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We should not have to do the police’s job

Law enforcement officials, including the Reeston and Quigney crime forums, launched a crackdown at the East London beachfront on Wednesday, chasing away illegal car washers operating in the area and conviscating wash buckets. Searches were also conducted for weapons and illegal substances.
Law enforcement officials, including the Reeston and Quigney crime forums, launched a crackdown at the East London beachfront on Wednesday, chasing away illegal car washers operating in the area and conviscating wash buckets. Searches were also conducted for weapons and illegal substances.
Image: ALAN EASON

While the rest of Buffalo City Metro residents enjoyed time off with their families, a group of patriots gave that up to keep their communities safe, including in  Mdantsane, Nompumelelo, Beacon Bay, Gonubie, Quigney and Duncan Village. 

This is a special group who deserve the accolade of our heroes this festive season.

While many of us left for family holidays out of town, these community safety forums put the shoulder to the wheel.

They rolled up their sleeves to protect their communities.

Admittedly, there has been controversy around some of these groups given the excessive force they sometimes use in fighting crime.

But with crime spiralling out of control, some of the groups have been praised for the work they do in keeping communities relatively safe.

Citizens are growing impatient with the police and their inability to ensure community safety. And this is a growing trend across the country.

Those who can afford it are forced to pay big money for private security members to patrol their streets.

In townships, street committees are mainly formed to keep residents safe.

Community activism is to be commended, but the growing trend should be a worry for the country’s authorities.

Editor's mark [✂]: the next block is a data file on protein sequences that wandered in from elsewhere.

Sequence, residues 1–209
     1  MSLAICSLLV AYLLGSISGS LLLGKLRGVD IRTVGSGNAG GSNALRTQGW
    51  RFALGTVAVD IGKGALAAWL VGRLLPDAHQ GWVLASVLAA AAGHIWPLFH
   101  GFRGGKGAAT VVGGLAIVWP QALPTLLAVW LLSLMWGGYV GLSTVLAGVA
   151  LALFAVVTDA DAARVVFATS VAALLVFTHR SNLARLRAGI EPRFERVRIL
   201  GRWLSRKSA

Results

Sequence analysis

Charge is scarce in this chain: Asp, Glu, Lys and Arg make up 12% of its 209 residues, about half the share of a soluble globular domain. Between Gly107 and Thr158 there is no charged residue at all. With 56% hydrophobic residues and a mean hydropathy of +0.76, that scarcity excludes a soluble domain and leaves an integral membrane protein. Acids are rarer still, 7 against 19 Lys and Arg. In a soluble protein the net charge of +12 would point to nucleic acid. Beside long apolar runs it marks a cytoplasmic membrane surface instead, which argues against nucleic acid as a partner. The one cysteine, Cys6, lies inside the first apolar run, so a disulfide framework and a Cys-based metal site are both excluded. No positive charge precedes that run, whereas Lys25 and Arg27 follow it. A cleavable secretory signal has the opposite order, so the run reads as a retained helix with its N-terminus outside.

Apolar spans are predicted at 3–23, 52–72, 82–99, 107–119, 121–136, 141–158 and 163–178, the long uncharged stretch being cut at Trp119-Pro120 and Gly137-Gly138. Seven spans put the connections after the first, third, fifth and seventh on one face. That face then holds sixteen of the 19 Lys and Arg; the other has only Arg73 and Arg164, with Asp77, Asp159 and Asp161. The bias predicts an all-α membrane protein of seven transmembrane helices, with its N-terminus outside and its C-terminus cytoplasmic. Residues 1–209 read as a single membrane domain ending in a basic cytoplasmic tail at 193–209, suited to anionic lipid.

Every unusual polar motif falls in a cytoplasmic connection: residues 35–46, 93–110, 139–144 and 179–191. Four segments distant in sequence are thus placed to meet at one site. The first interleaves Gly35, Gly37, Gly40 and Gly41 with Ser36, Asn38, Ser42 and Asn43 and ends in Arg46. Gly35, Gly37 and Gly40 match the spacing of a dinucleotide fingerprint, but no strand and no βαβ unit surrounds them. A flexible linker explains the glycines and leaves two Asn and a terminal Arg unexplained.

It signals a failing state.

Civilians are not properly trained to apply the country’s laws and when they overstep there is little protection for them in court, unlike the police.

On Thursday, we reported that there are R7.5bn worth of pending claims against police in the province.

If the state continues to fail in its duty to protect its citizens, we are all in trouble.

These claims in the majority relate to wrongful arrest. The state has already paid R15m this financial year and R74m in the previous one.

These are claims against trained professionals who are there to uphold the law, but in these instances they got it wrong.

But they have the protection of the state as their employers.

The volunteers who patrol the streets and search for and retrieve stolen items do not have the same protection.

If the state continues to fail in its duty to protect its citizens, we are all in trouble.

The state needs to urgently deal with the rate of crime and release community volunteers from the risks they face.

It cannot be that taxpayers contribute so much to the state coffers but they are also expected to risk their lives and livelihoods to do the job of the police. 

DispatchLIVE


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